One example of documentation could be if a nurse or physician forgets to treat a patient with a certain dose of medication. The patient’s family might then remind the medical staff, so that the patient does not suffer as a result of the poor medication management. Afterwards the family should then document the times and dosages of medicine administered to the patient. This helps prevent another medication mishap, and to avoid an overdose if it had not been documented by a nurse.
When documenting the events, be sure to portray your actions as helpful and understanding. If you act as if you are threatening and second guessing, it may hurt your overall case because the defense lawyer will argue that you were building a case against them from the beginning.
In addition, documenting the events not only means to keep a written journal of what’s happening, but one should also be actively inquiring the nurse or physician about important events so that they can be charted accordingly. This is important as many times a nurse will forget to write vital information or events in their chart, because of a busy schedule or patient overload. Active documentation on your part will help remind them of these events. In fact, often times the nurse will make more effort to chart the events more timely and accurately, since they know that someone is making their own records simultaneously.
In all actuality, most health care professionals don’t mind it when someone is keeping a journal to be helpful. Just be sure to stay calm and not act as if you are constantly interrogating the health care providers as this will insult them. The best way to document is in a quiet manner, gently asking important questions. Most physicians appreciate someone who has the patient’s best interest in mind.
If you think you have a medical malpractice case or need a medical malpractice lawyer , please visit our site. If you live in or around Dallas you may also visit our site on Dallas Medical Malpractice Lawyers
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Medical Malpractice Definition

Many people may not know that this is a very widespread problem. Each and ever year people die from being misdiagnosed and treated for the wrong disease. The difference can be life and death! Many of these cases are never even recognized or reported. If you are a victim of a case like this, you may not be aware of your rights. This is the main reason why it is important to have a clear definition of medical malpractice. You should not trust any doctor so you don't want to have to take the word of them. This is the main reason so many cases go unreported.
Every physician must have insurance against these types of claims. This is a way of simply protecting themselves. As the number of lawsuits filed rises, the cost to keep this kind of insurance also rises, causing doctors financial hardships. In addition, the number of providers who sell this kind of insurance has been decreasing over the last years. Therefore it is becoming harder for doctors to practice. Many doctors have to move to a new location where their premiums are lower.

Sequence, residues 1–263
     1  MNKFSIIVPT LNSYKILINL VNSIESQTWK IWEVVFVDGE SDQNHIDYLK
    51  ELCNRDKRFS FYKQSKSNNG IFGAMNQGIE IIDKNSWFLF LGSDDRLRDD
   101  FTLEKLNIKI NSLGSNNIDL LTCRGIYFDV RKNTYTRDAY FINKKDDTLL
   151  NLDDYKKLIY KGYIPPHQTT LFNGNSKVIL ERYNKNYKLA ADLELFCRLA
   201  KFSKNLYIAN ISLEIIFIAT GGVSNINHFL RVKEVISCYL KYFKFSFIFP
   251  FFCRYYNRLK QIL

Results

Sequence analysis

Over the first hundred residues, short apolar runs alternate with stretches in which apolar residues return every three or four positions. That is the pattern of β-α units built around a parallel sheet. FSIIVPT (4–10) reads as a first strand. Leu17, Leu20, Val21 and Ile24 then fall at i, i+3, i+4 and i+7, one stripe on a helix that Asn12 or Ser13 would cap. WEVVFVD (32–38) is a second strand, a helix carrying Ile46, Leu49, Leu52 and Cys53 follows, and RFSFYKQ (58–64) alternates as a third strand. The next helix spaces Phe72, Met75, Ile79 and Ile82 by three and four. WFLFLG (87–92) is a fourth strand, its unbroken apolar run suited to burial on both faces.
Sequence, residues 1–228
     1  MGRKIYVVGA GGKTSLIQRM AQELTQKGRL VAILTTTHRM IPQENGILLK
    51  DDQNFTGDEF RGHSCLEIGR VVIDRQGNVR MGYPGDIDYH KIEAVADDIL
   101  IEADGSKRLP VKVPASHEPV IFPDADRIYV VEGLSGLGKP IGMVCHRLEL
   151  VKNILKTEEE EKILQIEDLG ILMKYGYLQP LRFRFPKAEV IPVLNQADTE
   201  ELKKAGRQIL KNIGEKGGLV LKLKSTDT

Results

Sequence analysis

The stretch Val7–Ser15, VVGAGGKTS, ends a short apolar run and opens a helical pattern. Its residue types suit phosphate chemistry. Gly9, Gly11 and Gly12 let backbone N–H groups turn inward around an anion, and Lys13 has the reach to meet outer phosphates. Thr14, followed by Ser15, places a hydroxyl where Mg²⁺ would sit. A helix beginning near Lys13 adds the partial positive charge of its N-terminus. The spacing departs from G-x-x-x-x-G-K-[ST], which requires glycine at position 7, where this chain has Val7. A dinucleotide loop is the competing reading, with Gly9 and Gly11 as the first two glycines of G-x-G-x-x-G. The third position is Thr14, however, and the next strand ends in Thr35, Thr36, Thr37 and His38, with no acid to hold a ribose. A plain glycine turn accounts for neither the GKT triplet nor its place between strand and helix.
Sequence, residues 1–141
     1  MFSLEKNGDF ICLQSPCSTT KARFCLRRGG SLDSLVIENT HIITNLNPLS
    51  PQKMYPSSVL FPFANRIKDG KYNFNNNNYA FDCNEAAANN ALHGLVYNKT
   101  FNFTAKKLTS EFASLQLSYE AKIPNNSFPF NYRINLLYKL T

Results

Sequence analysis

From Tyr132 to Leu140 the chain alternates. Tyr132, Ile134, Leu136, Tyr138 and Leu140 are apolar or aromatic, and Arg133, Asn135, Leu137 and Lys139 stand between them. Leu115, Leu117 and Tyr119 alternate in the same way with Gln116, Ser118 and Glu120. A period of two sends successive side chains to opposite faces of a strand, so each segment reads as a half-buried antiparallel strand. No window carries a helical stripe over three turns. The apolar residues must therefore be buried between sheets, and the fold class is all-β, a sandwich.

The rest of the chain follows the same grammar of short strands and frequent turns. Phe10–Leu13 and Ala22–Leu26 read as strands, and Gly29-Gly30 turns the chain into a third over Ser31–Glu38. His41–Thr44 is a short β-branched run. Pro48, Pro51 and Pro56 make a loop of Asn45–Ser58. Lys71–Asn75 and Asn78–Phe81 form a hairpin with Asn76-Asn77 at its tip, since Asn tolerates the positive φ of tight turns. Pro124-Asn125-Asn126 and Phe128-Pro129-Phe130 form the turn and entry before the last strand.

But what can we file a lawsuit against? If a physician does not treat a problem correctly, this can cause new problems to arise, and this would qualify. If, through the negligence of the physician, a diagnosis is given too late for the treatment to do any good, this too is something you can file against. If the doctor applies the wrong treatment for the wrong disease, this will also be considered.
There are lots of different things that can go wrong when the patient is under anesthesia or undergoing surgery that are easily preventable by the doctor. The doctor may prescribe the wrong medication for the patient, or the incorrect dosage, and thus complications can arise. If this is the doctor's fault, you may be able to file a lawsuit.
Such lawsuits are normally expensive and complicated. Before filing a suit, you must keep in mind that you will be required to present a number of documents. Your health and history will become a significant part of the lawsuit. So make sure to document everything that happens involving your health. Even factors that seem not so important may be vital to establishing who is liable. If you file a suit you must be prepared to be under this kind of scrutiny by the court. Also keep track of all the medications you have taken, and it is also good to be able to document individual conversations you have had with your doctor.
Donald Harris is a publisher of Malpractice Lawyer Information. You can go to The Malpractice Attorney site for more.
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Medical Malpractice - Are You a Victim

Medical malpractice is the third leading cause of death in America. 98,000 deaths occur each year by preventable medical mistakes. There are many types of medical professionals that are negligent and may be responsible for a loved ones injury, disability, or death. These include but are not limited to physicians, physician assistants, nurses, pharmacists, hospitals, or skilled nursing facilities. When medical professionals make mistakes the law requires that they are held accountable for it.
Medical Malpractice is defined as “professional negligence where the healthcare provider deviates or departs from the accepted standard of care, causing an injury. 90% of medical malpractice cases don’t get filed, and you should be aware of the many ways you can be victimized by medical malpractice. The following is a list of common examples of medical related malpractice: